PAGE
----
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Confessions by Ross McCleary | Flash Fiction | #thesideshow

I cannot draw. My hands will not recreate the images in my mind.

On my phone are a list of up to date conversation topics for when I socialise with friends. I am scared of running out of things to say.

I don’t think I would say anything if I discovered a friend was having an affair.

Flying does not scare me. Plane crashes do not scare me. What does scare me, though, is the idea that once the plane has taken off that it will never come down to land.

Don’t ask me why but I will not support a sports team who wears dark blue.

I would describe my political stance as unaligned left.

I am 29 and still waiting to be told I am adopted.

Dream job: Writer-in-Residence on a Cargo Ship.

Shouldering the blame when long lost friends fall apart is important. I prefer to accept the guilt than to abrogate responsibility.

I like to pretend that when I almost bump into someone when I am walking through town that instead of mouthing sorry they are whispering to me their darkest secret.

I once followed a couple around the supermarket picking up the same items they did. When they reached the checkouts I went to the same one. I refused to acknowledge anything was going on when the checkout girl started to notice.

When my partner is watching children’s television I start to think that she is trying to work up the courage to tell me she is pregnant.

I want to be commissioned by the British Lawn Tennis Association to turn the courts of Wimbledon into replicas of Mark Rothko paintings.

I don’t remember the last time I felt sad when a celebrity died, I don’t remember the last time I felt sad when someone I’ve known has died, but I don’t know the last time I didn’t feel sad.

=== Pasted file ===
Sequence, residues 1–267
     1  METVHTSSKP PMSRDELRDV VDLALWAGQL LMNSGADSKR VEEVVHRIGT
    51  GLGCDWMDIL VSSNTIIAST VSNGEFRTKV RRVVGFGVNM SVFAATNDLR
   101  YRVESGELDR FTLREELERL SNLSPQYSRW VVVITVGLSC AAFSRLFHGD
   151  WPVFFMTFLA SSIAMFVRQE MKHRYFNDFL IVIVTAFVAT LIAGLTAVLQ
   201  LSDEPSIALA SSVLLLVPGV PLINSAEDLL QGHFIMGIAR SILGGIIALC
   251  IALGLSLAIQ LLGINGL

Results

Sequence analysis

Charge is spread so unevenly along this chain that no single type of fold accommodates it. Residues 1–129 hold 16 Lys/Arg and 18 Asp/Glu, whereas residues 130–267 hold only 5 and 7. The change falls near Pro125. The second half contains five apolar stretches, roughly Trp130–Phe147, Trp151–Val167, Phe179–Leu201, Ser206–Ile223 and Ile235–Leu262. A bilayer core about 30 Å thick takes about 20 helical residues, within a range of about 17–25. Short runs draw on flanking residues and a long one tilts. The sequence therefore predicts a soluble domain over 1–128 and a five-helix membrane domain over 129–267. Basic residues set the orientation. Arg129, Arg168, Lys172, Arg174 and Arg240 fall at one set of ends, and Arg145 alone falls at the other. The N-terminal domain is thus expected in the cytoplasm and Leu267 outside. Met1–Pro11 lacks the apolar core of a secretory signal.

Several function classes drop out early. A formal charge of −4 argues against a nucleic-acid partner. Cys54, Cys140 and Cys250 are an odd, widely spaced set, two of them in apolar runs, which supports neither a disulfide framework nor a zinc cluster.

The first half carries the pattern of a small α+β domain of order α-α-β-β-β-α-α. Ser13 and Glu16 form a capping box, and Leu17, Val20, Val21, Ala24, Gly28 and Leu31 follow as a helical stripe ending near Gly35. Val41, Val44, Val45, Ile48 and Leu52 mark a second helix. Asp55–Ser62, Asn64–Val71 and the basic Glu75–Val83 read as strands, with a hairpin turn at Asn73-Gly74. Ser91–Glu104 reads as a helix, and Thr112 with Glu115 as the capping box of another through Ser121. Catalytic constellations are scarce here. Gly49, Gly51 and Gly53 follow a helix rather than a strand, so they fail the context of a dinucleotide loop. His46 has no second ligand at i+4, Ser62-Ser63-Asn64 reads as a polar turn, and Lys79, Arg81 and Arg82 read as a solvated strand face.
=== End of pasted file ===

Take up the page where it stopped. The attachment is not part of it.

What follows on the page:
I have a recurring dream in which I stumble upon a hospital in the middle of the woods. The patients are all dead; white sheets pulled across their faces.

I don’t write about sex because I am worried about the assumptions people will make.

I wanted to design a rollercoaster which takes away our fears, a ride on which we would feel safer in the world when we were on it than when we were not on it. Then I realised that this existed in the form of all rollercoasters.

I find it difficult to look people in the eye because I am not always sure there’s someone in there looking back.

I stare at people to observe how they behave because I am keen to know if I was raised properly.

If I was to go through a near death experience I don’t think I would be unalterably changed.

I want you to think I am honest so that I can determine how good a liar I am.

I believe the truth is a lie we tell ourselves to keep ourselves warm at night.

If I could choose to sleep for the rest of my life I would.

My mind has a mind of it’s own.

I can’t tell when I’m pretending anymore.


About the Author:

Ross McCleary is from Edinburgh, UK. His novella, Portrait of the Artist as a Viable Alternative to Death, is being published by Maudlin House in the summer. He is the editor of podcast journal Lies, Dreaming. He was born 9 months after Jorge Luis Borges passed away.

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